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Lesson Plans

Re: Shooting in Colorado

[ Thread ][ Subject ][ Author ][ Date ]
Wed, 21 Apr 1999 13:31:23 EDT

Has anyone noticed that this stuff never seems to happen in the "inner city"
schools (the oft-called "combat zone" of public education) but in small rural
or suburban communities?

Columbine High School is, according to CNN, a "state of the art" facility,
presumably in a well-funded school district.

I just saw the photos of the kids who did this on MSNBC. They looked like
average, American straight-A kids. What went wrong here? Was it perhaps
some identification with another pair of clean cut American boys who went
astray--Tim McVeigh and Terry Nichols? MSNBC just indicated that the
shooting occurred on the anniversary of the bombin of the Federal Building.

Or is it something deeper, a deeper disturbance in our collective social
conscience. A few years ago, here in Indianapolis, two students at one of
the state's biggest and most prestigious public high schools axe-murdered a
Presbyterian minister and his wife. What went wrong?

Blues, you question, "where are the parents?" drives right towards the heart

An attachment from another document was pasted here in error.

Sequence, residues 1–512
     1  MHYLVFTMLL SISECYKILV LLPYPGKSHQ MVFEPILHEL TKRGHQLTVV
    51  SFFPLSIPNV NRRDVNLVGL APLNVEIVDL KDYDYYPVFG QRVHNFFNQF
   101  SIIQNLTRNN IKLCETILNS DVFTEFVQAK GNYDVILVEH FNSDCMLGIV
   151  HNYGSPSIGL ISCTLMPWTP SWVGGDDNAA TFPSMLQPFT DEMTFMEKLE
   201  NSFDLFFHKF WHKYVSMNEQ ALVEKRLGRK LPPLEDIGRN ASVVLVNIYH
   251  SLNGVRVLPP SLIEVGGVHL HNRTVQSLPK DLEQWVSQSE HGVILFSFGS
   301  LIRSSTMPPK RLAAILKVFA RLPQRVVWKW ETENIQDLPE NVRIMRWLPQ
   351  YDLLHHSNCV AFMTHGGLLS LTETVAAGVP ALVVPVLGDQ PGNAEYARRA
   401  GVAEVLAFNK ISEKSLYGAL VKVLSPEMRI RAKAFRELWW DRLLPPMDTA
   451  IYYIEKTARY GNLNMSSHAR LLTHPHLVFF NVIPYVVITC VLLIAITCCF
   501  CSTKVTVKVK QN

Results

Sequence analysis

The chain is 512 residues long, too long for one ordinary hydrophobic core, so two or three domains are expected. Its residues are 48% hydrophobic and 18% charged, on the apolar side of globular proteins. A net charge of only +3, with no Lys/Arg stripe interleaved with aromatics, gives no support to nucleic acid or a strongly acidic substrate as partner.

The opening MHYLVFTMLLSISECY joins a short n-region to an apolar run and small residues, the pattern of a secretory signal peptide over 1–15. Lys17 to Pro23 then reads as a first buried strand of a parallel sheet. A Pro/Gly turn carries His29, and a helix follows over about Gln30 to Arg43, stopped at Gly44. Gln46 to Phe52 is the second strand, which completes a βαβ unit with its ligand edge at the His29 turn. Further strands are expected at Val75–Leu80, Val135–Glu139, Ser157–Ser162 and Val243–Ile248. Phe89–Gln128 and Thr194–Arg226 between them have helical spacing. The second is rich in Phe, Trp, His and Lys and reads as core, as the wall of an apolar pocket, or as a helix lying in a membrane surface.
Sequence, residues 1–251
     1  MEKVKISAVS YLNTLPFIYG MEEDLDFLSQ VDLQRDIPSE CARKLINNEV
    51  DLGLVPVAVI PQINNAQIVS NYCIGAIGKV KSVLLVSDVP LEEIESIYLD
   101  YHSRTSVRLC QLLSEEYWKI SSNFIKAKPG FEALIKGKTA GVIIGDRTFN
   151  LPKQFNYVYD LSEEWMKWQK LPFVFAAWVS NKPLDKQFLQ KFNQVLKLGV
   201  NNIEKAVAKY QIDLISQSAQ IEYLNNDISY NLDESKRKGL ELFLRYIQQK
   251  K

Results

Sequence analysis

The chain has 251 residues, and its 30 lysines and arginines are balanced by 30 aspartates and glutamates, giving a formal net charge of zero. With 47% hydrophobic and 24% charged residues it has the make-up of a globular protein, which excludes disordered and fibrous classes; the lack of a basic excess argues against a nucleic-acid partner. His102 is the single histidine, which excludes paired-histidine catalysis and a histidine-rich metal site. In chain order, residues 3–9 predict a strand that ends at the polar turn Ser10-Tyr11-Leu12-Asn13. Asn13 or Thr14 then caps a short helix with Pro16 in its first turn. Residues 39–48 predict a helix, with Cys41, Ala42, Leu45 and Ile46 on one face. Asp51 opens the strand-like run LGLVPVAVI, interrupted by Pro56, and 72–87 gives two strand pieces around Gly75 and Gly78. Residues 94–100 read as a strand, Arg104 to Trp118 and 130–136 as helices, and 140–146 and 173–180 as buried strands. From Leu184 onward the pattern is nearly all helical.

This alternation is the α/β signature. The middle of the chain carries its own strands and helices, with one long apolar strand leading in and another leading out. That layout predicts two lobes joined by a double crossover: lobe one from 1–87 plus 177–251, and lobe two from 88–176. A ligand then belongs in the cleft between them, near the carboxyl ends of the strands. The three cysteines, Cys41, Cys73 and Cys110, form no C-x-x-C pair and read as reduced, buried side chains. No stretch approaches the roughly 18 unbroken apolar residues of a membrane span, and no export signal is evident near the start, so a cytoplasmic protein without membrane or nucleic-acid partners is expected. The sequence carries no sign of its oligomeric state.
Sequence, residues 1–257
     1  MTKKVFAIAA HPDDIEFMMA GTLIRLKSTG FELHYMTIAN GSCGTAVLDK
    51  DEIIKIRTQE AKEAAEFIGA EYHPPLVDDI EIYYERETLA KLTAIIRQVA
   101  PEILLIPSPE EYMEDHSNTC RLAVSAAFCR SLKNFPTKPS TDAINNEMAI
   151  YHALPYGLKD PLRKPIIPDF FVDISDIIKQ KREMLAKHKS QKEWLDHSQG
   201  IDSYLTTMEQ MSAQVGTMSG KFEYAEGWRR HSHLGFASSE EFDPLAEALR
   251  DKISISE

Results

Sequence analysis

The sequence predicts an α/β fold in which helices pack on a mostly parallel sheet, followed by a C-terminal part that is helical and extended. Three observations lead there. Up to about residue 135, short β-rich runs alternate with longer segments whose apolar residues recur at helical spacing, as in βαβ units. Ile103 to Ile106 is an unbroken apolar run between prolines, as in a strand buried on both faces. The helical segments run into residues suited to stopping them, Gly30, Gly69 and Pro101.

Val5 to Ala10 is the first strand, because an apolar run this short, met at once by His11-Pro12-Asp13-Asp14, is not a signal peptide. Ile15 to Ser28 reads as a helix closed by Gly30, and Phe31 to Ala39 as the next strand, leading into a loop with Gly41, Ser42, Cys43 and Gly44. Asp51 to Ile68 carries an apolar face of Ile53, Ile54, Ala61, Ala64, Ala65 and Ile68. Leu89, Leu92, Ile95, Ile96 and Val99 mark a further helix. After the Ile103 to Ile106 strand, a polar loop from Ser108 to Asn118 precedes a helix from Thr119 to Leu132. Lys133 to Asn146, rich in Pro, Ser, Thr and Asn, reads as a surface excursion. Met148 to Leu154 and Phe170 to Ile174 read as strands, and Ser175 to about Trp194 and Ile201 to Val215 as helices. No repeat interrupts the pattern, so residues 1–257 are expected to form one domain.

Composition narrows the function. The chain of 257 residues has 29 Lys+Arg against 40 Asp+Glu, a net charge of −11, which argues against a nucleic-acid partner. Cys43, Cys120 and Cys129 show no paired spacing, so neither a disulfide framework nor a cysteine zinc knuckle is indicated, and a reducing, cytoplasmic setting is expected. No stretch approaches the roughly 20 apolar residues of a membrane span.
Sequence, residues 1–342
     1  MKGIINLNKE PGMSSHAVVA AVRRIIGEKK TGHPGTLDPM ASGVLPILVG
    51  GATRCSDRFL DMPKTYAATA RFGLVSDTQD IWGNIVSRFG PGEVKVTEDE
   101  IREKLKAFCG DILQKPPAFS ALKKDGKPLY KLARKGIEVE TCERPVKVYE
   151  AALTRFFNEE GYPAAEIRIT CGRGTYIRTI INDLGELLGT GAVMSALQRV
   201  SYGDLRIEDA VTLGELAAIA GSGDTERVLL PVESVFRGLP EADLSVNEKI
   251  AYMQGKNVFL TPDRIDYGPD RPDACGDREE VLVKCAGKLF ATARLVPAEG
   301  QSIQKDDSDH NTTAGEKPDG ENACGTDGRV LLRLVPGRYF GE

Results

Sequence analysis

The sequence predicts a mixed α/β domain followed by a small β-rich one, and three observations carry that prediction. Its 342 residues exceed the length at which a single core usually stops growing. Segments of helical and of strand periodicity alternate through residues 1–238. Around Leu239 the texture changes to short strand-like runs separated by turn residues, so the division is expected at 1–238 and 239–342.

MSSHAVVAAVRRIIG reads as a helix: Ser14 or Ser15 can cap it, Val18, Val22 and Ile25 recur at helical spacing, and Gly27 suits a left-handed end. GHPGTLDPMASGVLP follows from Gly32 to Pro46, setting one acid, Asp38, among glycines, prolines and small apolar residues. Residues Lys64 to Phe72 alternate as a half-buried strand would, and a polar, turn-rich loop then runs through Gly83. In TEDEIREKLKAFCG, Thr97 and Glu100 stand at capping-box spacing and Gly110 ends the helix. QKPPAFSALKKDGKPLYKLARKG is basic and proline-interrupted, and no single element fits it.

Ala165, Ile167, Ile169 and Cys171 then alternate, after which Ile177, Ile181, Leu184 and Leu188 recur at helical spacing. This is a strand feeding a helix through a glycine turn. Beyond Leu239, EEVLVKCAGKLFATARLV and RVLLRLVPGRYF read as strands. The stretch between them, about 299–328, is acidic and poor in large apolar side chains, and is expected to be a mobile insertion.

of this, I believe. How could they NOT notice what was going on?
Unfortunately, there is no competency test one has to pass before becoming a
parent. Unfortunately, love is not a pre-requisite of parenthood.
Unfortunately, even when that love is there, it does not always take the form
of involvement in the child's life.

So that brings the subject around to us--teachers. My father (a teacher for
40 years) has been, from time to time, uncomfortable with the notion that
public educations are expected, more and more, to be surrogate "parents". I
can't see how, in any time or place, it could be any different. I do believe
it "takes a village" to raise a child, and we are a part of that village.

At once I ask myself, "My God, why didn't the parents see this?" Then I have
to ask, "Why didn't ANYONE see this coming?" We live in a world that is so
individualistic, so driven by, "I'll take care of my own and let others deal
with their own shit" (Sorry if that offends) that we fail to see where our
brothers and sisters need help. We compartmentalize our lives and say so
often, "Well, that's not my responsibility . . . ."

Blues, I' like you on this. I do not know what the answer is, what exactly
went wrong. I have to believe, though, that by building strong communities,
in our schools and throughout our country, we stand the best chance of
steming this violent tide.

I think that as art teachers, we see a very different side of "problem"
students. I know I do. Let's use this special place art occupies in the
public schools along with all of our creative energy, to build safe,
creative, nurturing, peaceful learning communities.

Sorry for the length of this post.

Thanks for reading,